a plurality of flexible, resilient radially extending petals pivotally attached at their inner ends to the periphery of said duct and being seated in said recessed portion in one position, forming a continuation of the upper surface of said wing;

and means to bow said petals axially to said duct to form a curved bellmouth entry for said duct.

11. In combination'with an aerodynamic surface having an airflow conducting duct extending therethrough, airflow controlling means comprising:

a flexible, resilient annulus secured to the periphery of said duct and extending radially outwardly therefrom, said annulus being circumferentially segmented into a plurality of petal elements;

and means to bow said annulus axially to said duct to form a curved bellmouth entry for the duct.

12. An aircraft wing having an airflow conducting duct extending vertically therethrough;

a flexible, resilient annulus mounted on said wing at the periphery of said duct for effective pivotal adjustment to a position extending the mouth of said duct principally in a direction axial to said duct; and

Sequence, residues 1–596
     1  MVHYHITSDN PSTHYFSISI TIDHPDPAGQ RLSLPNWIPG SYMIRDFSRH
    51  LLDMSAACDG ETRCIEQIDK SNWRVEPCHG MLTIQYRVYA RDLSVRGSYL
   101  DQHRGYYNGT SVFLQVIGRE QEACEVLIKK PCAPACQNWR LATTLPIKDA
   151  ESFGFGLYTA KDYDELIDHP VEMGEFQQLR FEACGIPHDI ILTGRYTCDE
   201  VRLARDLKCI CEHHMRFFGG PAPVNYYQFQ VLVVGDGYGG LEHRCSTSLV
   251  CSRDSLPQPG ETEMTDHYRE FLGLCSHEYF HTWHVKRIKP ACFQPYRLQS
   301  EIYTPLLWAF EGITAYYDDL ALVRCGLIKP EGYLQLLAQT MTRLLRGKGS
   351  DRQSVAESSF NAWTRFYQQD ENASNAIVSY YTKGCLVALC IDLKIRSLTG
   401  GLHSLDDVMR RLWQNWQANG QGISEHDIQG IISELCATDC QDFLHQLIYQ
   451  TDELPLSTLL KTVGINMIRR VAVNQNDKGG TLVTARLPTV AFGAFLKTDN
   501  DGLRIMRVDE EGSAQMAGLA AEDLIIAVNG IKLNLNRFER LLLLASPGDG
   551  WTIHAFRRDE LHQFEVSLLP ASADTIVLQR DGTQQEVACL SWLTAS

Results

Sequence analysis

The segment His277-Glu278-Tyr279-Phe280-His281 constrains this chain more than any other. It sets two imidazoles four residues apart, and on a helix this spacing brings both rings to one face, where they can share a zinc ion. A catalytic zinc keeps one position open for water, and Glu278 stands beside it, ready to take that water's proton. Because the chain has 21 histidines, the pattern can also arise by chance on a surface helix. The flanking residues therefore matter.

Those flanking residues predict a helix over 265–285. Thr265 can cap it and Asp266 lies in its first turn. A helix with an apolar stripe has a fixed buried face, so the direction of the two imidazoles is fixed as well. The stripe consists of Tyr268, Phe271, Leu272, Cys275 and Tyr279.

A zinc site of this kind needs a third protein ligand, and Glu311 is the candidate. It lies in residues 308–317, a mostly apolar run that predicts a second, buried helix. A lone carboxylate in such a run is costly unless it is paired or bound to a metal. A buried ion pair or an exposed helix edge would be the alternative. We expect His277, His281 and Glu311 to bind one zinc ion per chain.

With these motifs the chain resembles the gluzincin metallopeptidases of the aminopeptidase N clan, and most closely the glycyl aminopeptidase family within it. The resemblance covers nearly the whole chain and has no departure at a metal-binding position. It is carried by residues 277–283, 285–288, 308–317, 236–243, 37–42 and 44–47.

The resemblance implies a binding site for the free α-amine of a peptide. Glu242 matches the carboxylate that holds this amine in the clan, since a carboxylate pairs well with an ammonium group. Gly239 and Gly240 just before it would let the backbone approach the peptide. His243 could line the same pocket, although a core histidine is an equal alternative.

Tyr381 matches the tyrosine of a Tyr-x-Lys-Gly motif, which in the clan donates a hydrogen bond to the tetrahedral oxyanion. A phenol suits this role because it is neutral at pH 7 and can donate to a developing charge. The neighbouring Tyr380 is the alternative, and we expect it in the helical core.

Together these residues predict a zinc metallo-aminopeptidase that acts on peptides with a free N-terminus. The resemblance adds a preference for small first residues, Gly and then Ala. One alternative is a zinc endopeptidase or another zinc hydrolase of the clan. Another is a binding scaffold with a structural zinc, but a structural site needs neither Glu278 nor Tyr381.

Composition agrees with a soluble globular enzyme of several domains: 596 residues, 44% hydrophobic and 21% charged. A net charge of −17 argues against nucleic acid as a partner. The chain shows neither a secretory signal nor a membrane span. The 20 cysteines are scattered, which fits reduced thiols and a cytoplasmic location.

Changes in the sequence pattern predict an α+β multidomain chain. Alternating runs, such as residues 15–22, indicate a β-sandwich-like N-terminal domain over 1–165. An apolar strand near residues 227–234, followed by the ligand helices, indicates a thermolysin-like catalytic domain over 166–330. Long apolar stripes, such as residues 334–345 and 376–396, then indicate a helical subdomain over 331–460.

means to move said annulus to and from said position.

13. Apparatus according to claim 12 wherein said annulus is fiexible, resilient sheet material.

14. Apparatus according to claim 12 wherein said an nulus is circumferentially segmented into a plurality of similar petal elements.

References Cited in the file of this patent UNITED STATES PATENTS 2,948,111 Nelson Aug. 9, 1960 3,080,137 Hurel Mar. 5, 1963 3,083,934 Vanderlip Apr. 2, 1963

Patent Citations
Cited PatentFiling datePublication dateApplicantTitle
US2948111 *May 2, 1955Aug 9, 1960Doak Aircraft Co IncMeans to increase static pressure and enhance forward thrust of aircraft components
US3080137 *Nov 14, 1958Mar 5, 1963Henri Bertin JeanAircraft having a lift producing rotor disposed in the wing
US3083934 *Oct 12, 1961Apr 2, 1963Vanderlip Edward GRotary wing aircraft
Referenced by
Citing PatentFiling datePublication dateApplicantTitle
US3224712 *Jan 30, 1964Dec 21, 1965Rolls RoyceJet engines and to aircraft provided with same
US3380663 *Dec 13, 1965Apr 30, 1968SnecmaInflatable apparatus for maintaining continuity of a variable contour of an adjustable jet pipe
US3524611 *Jul 22, 1968Aug 18, 1970Frank KurtControllable air duct for vertical and short take-off and landing type of air vehicle
US6089505 *Jul 22, 1997Jul 18, 2000Mcdonnell Douglas CorporationMission adaptive inlet
US6260567Mar 28, 2000Jul 17, 2001The Boeing CompanyMission adaptive inlet
Classifications
U.S. Classification244/12.3, 244/53.00B, 239/265.43
International ClassificationB64C29/00
Cooperative ClassificationB64C29/0016
European ClassificationB64C29/00B2